10 November 2023
Re: Submission to the NSW Parliament’s Inquiry into the feasibility of undergrounding the transmission infrastructure for renewable energy projects
Farmers for Climate Action thanks the Select Committee on the Feasibility of Undergrounding the Transmission Infrastructure for Renewable Energy Projects for the opportunity to provide this submission as part of the Inquiry process.
We would welcome the opportunity to discuss with the Committee in more detail if required.
CEO, Farmers for Climate Action
Email: [email protected]
Phone: 1800 491 633
Post: Suite 327 M Centre, 11 Palmerston Lane, Manuka ACT 2603
About Farmers for Climate Action
Farmers for Climate Action is a movement of farmers, agricultural leaders and rural Australians working together to ensure Australia adopts strong emissions reduction policies by growing the number of farmers, farming communities and elected representatives championing ambitious action.
We represent more than 8,000 farmers across Australia, and our supporter base includes more than 45,000 Australians committed to deep emissions reductions across the economy this decade.
Our goal is to protect the future of farms and food security. So, we strongly support the deployment of renewable energy to achieve deep emissions reduction and ensure energy security in a way that respects farmers and regional communities, to limit climate change impacts. A recent Farmers for Climate Action survey (September 2023) showed that 92% of respondents are supportive of Australia’s acceleration to more renewable energy in our national grid.
Notwithstanding our support, Farmers for Climate Action has significant concerns about the level and quality of consultation by Transmission Network Service Providers (TNSPs) and large-scale renewable projects with landholders. Many farmers in our network have shared their negative experience with TNSPs. There is a long road ahead to restore and build trust and collaborative models for coexistence, despite the urgent need for transmission and large scale renewable projects in the regions.
The most significant risk factor to achieving Australia’s renewable energy targets is the lack of regional transmission infrastructure to support large scale renewable energy generation.
This challenge is exacerbated by:
- The lack of adequate consultation with regional communities and affected landholders
- An absence of national or state policies or guidelines to create an equitable framework that supports impacted businesses and community needs; and
- The fact that regional communities can not access the clean energy their communities are hosting.
This combination of factors has created an absence of social license, and in places, resistance to large scale renewable developments and transmission infrastructure in farming communities.
Regional renewables survey insights
In September 2023, Farmers for Climate Action asked farmers to participate in a comprehensive survey about renewables on farm. The in-depth insights provided by more than 300 farmers through a 30-minute survey, offers invaluable guidance for policy formulation for all stakeholders involved in renewable energy generation, regional development and transmission.
We acknowledge the Farmers for Climate Action respondent base is biassed towards farmers who want the shift to a renewable electricity grid to succeed.
Of the farmers who responded, 111 identified as farmers from NSW.
We asked very specific questions about transmission lines with the following insights garnered from NSW farmers:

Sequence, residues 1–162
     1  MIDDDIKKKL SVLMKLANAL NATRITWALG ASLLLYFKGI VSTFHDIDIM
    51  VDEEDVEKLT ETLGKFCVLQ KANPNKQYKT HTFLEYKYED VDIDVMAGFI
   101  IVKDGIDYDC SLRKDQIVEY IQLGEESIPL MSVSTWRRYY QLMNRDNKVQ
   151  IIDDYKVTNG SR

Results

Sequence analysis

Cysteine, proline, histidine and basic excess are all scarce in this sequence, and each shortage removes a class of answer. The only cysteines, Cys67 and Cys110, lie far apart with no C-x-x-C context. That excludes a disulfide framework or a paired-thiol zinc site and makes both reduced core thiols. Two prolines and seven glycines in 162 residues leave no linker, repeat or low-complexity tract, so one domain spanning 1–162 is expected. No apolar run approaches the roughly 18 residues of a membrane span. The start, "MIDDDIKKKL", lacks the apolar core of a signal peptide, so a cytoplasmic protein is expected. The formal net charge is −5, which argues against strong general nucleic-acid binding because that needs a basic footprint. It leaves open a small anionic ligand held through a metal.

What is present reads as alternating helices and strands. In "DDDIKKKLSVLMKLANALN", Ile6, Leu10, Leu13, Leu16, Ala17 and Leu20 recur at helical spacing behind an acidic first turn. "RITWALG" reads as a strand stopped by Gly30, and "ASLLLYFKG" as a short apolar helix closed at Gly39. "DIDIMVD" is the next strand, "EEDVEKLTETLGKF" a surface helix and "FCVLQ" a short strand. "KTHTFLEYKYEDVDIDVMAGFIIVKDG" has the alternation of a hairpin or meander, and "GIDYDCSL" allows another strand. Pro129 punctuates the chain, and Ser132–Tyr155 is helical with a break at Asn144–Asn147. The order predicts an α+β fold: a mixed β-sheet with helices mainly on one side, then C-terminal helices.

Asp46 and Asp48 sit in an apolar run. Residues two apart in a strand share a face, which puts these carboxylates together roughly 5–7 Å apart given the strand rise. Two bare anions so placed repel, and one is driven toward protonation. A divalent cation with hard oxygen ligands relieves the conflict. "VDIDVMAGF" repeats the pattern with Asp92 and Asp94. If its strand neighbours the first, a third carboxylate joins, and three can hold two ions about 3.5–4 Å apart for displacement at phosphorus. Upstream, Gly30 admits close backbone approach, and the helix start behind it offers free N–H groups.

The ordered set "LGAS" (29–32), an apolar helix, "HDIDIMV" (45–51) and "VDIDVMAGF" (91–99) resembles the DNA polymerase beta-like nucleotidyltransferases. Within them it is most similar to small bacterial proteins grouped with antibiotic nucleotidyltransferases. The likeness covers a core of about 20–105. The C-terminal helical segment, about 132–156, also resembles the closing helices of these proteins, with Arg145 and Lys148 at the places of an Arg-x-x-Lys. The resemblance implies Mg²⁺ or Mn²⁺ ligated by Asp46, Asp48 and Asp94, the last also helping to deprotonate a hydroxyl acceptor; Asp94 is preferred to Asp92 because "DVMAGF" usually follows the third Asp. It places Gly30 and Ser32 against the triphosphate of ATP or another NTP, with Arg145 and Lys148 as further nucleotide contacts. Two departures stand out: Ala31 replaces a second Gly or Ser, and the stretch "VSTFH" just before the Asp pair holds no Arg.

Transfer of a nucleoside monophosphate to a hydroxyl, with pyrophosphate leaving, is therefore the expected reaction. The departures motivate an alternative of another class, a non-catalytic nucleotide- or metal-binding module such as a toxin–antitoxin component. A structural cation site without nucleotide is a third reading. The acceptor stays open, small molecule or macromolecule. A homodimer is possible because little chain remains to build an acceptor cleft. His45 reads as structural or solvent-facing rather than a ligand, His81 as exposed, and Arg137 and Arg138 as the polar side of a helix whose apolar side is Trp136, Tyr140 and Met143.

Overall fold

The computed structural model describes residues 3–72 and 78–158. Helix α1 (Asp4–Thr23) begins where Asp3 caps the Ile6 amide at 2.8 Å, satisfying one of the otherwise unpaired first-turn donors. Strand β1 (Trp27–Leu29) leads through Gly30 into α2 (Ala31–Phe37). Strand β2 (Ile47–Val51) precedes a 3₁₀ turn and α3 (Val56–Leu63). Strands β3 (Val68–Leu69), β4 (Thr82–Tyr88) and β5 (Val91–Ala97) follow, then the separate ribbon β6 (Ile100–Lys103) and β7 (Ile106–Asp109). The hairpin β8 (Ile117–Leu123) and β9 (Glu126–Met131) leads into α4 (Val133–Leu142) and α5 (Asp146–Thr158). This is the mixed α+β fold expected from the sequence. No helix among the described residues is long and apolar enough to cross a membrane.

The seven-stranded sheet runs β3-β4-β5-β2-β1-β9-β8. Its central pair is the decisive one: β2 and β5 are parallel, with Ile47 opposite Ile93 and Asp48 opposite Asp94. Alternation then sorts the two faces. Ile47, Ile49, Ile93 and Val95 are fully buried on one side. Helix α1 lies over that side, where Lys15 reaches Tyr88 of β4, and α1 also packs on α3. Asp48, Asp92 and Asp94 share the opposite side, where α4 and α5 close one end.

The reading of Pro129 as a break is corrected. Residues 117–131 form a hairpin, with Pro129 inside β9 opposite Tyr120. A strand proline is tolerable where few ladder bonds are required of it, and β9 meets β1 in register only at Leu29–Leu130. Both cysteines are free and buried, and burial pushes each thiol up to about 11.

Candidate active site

- 39% of NSW respondents reported that they already have transmission towers or lines (including old transmission and new proposed projects) on, or neighbouring, their land. When asked about the benefits and challenges of hosting transmission infrastructure:
“[We are] hoping that the passive income will assist in managing droughts and other climate variabilities.”
“We are connected! Hosting transmission is a community commitment to be proud of for the benefits it will bring to my farm in new technologies, innovation, employment, the boom in our local economy, a health benefit of feeling “part of the solution and not part of the problem”, reduced emissions’… we must build them urgently and consideration is more than welcome on my farm.”
“Biosecurity for inspection/maintenance, severe soil compaction due to heavy vehicle traffic during pole replacement. This is in part due to attempting works following periods of wet weather.”
“The loss of visual amenity prevents us from taking up opportunities in agritourism.”
“We are facing this at the moment and I can’t even begin to describe the emotional and mental stress that it is causing. This is our generational farming land that we have cared for and worked through droughts, floods, etc and the idea that because someone on a computer in a city drew a line on a map that they can just take a land and they tell us this by pegging brochures to our front gate is abhorrent. They would not threaten their own homes in this way. It should be a choice, we live in a democracy and we own the land. Individual farmers should have the choice as to whether they want these lines on their property, not get told it is going to happen.”
- Of the farmer respondents to the survey from NSW, 14% said they would be open to hosting transmission projects in the future, 15% said no and 32% said it would depend.
“I’m watching what’s happening in Victoria. If there’s an opportunity for lines to be underground, I want to understand why or how that is better than large scale transformers. Further, I’m not interested in seeing transformers on high conservation value farming land. For eg, we graze several large native grass paddocks (never cropped or put to pasture). I would never support any form of transmission (above or below ground) in these areas “